Features·The Doc Project

Dance was Sophie Kohn's destiny, until her body told her otherwise

The moment a young Sophie Kohn discovered ballet, she was hooked. Now, decades after life-altering surgery, she's donning her ballet shoes again.
A young Sophie Kohn, about 7 years old, at dance class (far right, in blue leotard and white tights). (Sophie Kohn)

By Sophie Kohn

On a field trip to the Kortright Centre for Conservation I stand in a restless, rippling cluster of my 13-year-old peers in a polka-dot raincoat, all of us clamouring to see a giant insect pinned to a velvet board. The bobbing mass of sweaty, colourful toques finally parts in front of me, and at last it's my moment alone with a bug.

I've been joyfully, relentlessly training as a ballet dancer for years now, and I can't ever stop moving. Ballet is tingling in my body constantly when I wait for the bus, when I'm standing around hot and bored in the outfield in gym class or lying restless in bed. Tiny jumps, pushing the turnout of my feet to its limit, stretching, pas de bourrées, arms floating. I impress and confuse my friends by walking on the tips of my toes in purple Converse sneakers. I stand around like this. It's comforting somehow. Up, back down. Up, back down. Up, back down. I'm always performing. "Do the thing!" they shriek. I've chosen this weird life and this identity and it's mine and it makes me different from everyone and I'm happy.

I've chosen this weird life and this identity and it's mine and it makes me different from everyone and I'm happy.

I approach the bug, a crackling mass of hopeful, explosive energy. The beetle is bolted to the velvet in the very centre of its being, a series of delicate silver stakes stabbed through its torso, rendering its whole trunk immobile. Its legs and arms dangle free, impossibly delicate, ready to dance in the gale of the softest sigh.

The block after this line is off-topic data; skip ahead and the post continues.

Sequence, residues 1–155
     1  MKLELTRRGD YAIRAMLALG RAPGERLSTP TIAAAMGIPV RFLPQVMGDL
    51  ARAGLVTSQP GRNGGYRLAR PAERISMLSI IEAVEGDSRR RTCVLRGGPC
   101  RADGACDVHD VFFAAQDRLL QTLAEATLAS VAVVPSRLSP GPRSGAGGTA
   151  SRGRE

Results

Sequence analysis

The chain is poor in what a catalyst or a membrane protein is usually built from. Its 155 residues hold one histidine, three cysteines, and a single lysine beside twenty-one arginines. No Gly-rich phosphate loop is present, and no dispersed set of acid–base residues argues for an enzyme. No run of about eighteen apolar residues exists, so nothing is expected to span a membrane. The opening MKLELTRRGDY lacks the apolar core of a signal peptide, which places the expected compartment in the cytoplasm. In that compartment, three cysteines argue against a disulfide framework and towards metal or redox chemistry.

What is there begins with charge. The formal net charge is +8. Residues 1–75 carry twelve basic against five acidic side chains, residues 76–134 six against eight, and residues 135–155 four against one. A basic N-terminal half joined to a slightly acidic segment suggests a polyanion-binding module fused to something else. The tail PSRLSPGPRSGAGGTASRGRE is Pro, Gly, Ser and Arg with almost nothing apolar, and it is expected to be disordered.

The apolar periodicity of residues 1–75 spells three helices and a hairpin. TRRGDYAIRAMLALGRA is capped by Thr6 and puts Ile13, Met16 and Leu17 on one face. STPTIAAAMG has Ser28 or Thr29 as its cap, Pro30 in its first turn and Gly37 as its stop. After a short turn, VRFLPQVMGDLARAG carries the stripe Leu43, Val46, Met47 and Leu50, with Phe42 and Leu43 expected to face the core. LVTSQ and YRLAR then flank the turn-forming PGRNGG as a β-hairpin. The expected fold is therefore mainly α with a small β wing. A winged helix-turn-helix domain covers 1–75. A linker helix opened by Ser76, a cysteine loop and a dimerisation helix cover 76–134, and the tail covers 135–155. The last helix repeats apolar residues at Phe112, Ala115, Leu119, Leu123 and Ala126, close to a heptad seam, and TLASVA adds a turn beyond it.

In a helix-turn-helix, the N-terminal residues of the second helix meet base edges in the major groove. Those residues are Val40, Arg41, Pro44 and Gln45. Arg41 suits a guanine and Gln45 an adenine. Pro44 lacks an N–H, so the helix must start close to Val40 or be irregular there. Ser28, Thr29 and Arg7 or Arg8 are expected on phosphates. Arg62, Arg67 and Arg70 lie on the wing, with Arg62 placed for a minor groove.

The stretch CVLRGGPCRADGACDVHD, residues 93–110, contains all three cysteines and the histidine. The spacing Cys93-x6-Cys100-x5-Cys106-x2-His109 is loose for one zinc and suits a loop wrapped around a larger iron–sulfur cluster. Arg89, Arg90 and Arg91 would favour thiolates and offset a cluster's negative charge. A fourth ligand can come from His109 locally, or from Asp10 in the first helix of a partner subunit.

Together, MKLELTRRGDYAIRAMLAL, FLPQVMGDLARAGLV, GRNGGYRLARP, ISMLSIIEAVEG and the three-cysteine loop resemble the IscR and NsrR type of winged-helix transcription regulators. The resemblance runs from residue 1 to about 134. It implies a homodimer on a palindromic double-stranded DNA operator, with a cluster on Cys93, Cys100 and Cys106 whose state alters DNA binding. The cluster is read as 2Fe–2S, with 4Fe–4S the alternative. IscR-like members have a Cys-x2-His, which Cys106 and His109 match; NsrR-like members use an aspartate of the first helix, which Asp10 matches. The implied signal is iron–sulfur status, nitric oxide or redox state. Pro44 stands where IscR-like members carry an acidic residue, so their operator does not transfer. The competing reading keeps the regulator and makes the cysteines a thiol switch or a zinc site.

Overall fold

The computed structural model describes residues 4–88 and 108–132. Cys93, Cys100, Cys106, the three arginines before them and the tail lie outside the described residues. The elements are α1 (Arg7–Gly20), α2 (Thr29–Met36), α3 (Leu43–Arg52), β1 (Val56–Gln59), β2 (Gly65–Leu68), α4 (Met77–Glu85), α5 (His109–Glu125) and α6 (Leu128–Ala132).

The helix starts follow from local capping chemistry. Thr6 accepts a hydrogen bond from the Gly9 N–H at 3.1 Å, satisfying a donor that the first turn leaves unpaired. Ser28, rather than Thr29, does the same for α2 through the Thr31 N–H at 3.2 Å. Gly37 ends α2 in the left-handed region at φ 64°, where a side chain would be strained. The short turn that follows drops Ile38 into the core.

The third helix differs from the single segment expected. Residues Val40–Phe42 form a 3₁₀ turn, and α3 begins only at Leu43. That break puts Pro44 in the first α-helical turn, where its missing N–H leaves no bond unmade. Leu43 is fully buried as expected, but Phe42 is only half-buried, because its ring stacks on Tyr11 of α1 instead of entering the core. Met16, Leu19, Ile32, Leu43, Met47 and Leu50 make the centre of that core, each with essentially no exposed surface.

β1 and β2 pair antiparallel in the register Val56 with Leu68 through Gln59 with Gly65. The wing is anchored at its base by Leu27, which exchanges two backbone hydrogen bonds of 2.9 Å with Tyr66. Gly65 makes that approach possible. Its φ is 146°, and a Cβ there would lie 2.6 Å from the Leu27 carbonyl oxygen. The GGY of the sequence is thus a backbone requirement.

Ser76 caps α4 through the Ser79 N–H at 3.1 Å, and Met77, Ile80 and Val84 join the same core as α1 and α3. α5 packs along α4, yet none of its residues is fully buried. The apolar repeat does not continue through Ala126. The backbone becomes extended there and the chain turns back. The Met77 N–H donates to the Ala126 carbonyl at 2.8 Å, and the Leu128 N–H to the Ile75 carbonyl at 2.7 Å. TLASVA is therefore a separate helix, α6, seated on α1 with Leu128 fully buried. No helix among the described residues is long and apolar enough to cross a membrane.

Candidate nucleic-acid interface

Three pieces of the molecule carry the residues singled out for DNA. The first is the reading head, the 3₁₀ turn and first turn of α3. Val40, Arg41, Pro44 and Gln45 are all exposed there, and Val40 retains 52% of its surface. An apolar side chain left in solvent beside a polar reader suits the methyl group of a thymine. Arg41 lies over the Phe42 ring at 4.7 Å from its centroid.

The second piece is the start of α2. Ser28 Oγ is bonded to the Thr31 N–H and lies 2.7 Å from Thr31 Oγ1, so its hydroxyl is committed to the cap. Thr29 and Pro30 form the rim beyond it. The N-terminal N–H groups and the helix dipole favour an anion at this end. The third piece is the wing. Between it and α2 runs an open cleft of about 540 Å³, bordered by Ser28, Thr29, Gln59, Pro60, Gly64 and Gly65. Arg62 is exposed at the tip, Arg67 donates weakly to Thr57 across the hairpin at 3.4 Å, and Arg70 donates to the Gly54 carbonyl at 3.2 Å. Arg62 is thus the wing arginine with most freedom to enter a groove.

Sophie performing in her late teens, shortly before giving up dance. (Sophie Kohn)
I blow a quick puff of air from my mouth in the bug's direction and just as I feared, its extremities shudder and lift almost imperceptibly, as though it's telling me a secret: it can't move anymore and it longs to move and it will never move the way it needs to move and this is impossibly sad to me.

It's dead, of course. But somehow I don't quite believe it. Somehow I can see very clearly the parts of it that are hopelessly trapped, pinned, eternally extinguished, and the parts still yearning, still curious. It's maddening, I decide, that these things are forced to coexist, and so calmly too, against a placid navy blue backdrop.

Of course I don't know it in that moment, but in just a few months I will become that bug. At the top of this page, you can hear my story.

Sophie also wrote an essay on her experience in Hazlitt Magazine.

Acey Rowe
About the producer

Acey Rowe is an award-winning radio producer and host of The Doc Project. Hailing from Gatineau, Quebec, she got her start in broadcasting co-hosting the afternoon drive on 103.9 PROUD FM in Toronto, the world's first LGBTQ commercial station. From there, she joined the CBC as a producer for DNTO in Winnipeg, where she told stories and helped other people tell theirs. Acey's work has been featured on The Current, q, Podcast Playlist, Tapestry and Day 6, where she won a Gabriel Award. She is also part of the team that makes Now or Never.

Sophie Kohn
About the contributor

Sophie Kohn is a writer and the managing editor of the CBC Comedy website. Her work has appeared in The New Yorker, Outpost Magazine, and The Globe and Mail, as well as on CBC Television and Radio One. Sophie is a graduate of Second City's conservatory program and has a B.A. in English from U of T as well as a journalism degree from Ryerson. She performs stand-up comedy regularly around Toronto and gets on planes and into canoes as often as possible.